Decided: January 25, 1973.
STATE OF NEW JERSEY, PLAINTIFF-APPELLANT,
MARIO MOLINARO, ROCCO CICCHETTI, PETER JOSEPH VERDICCHIO, EMANUEL MONTALBANO, AND MICHAEL MAURIELLO, DEFENDANTS-RESPONDENTS
Carton, Mintz and Crahay.
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We granted leave to the State to appeal from an interlocutory order 117 N.J. Super. 276, granting defendants' motions to suppress evidence obtained through the interception of telephonic communications by the New Jersey State Police under the New Jersey Wiretapping and Electronic Survelliance Control Act, N.J.S.A. 2A:156A-1 et seq. The telephonic interceptions were made pursuant to appropriate orders authorizing same.
In essence the trial judge found that the State violated the mandate of N.J.S.A. 2A:156A-12(f), which provides that interceptions be conducted in such a manner as to minimize or eliminate the interception of such communications not otherwise subject to interception under this act. Consequently, the trial judge held that all incriminating conversations should be suppressed. Subsequent to that determination our Supreme Court dealt with the precise issue in State v. Dye , 60 N.J. 518 (1972), cert. den. 409 U.S. 1090, 93 S. Ct. 699, 34 L. Ed. 2d 675 (1972).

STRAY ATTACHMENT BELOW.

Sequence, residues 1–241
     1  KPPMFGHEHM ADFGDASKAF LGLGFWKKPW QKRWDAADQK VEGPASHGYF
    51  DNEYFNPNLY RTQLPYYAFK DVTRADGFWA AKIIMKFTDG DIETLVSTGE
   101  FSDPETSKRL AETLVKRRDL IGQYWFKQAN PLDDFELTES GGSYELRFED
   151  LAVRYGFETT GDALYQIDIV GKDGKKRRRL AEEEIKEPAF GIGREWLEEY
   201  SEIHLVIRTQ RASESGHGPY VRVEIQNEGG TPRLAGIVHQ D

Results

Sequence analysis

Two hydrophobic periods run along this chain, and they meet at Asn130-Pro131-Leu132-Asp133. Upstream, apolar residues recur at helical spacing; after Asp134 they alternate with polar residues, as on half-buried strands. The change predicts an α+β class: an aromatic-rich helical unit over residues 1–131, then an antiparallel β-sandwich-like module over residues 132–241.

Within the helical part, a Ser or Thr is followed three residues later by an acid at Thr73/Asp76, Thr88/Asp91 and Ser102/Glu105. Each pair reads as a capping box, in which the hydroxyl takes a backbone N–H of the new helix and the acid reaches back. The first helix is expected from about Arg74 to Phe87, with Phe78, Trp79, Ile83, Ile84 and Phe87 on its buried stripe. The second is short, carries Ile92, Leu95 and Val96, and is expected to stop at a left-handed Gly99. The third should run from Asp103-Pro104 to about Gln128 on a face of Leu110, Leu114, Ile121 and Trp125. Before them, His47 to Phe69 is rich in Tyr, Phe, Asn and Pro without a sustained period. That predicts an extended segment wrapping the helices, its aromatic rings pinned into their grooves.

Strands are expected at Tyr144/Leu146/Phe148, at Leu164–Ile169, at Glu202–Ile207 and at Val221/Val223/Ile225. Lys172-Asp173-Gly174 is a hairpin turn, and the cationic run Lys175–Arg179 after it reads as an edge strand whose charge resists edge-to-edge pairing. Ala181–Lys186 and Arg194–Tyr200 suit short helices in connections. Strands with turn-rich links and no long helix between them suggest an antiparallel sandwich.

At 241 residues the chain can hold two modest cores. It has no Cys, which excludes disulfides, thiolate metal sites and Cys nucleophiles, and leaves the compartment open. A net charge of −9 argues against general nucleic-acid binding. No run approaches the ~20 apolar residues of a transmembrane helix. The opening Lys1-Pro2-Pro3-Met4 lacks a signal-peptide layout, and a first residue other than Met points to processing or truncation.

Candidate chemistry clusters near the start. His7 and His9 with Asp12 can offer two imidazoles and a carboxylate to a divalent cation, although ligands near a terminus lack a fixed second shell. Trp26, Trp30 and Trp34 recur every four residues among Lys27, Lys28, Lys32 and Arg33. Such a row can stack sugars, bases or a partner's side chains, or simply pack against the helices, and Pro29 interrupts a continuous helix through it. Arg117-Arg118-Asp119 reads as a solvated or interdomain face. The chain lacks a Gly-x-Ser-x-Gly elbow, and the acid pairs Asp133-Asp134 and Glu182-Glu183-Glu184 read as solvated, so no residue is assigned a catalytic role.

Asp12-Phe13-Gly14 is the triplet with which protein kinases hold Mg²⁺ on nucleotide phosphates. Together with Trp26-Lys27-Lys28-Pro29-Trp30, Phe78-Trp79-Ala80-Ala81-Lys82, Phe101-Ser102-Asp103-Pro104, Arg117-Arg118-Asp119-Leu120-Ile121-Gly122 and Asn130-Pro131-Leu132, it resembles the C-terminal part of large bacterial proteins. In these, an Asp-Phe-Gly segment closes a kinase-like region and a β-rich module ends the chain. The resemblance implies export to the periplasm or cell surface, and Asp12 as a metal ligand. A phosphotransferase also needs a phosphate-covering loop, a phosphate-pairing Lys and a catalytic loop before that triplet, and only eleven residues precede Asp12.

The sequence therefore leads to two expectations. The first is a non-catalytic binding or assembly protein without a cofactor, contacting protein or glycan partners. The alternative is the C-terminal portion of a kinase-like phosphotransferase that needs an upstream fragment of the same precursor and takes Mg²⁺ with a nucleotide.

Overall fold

In Dye the court alluded to the instant case, noting that it was under review, and that while it would not follow any
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portion of it which conflicts with its holding, it reserved consideration thereof until faced with the appeal to that court.
We have carefully reviewed Dye , and conclude that it is dispositive of the issue before us.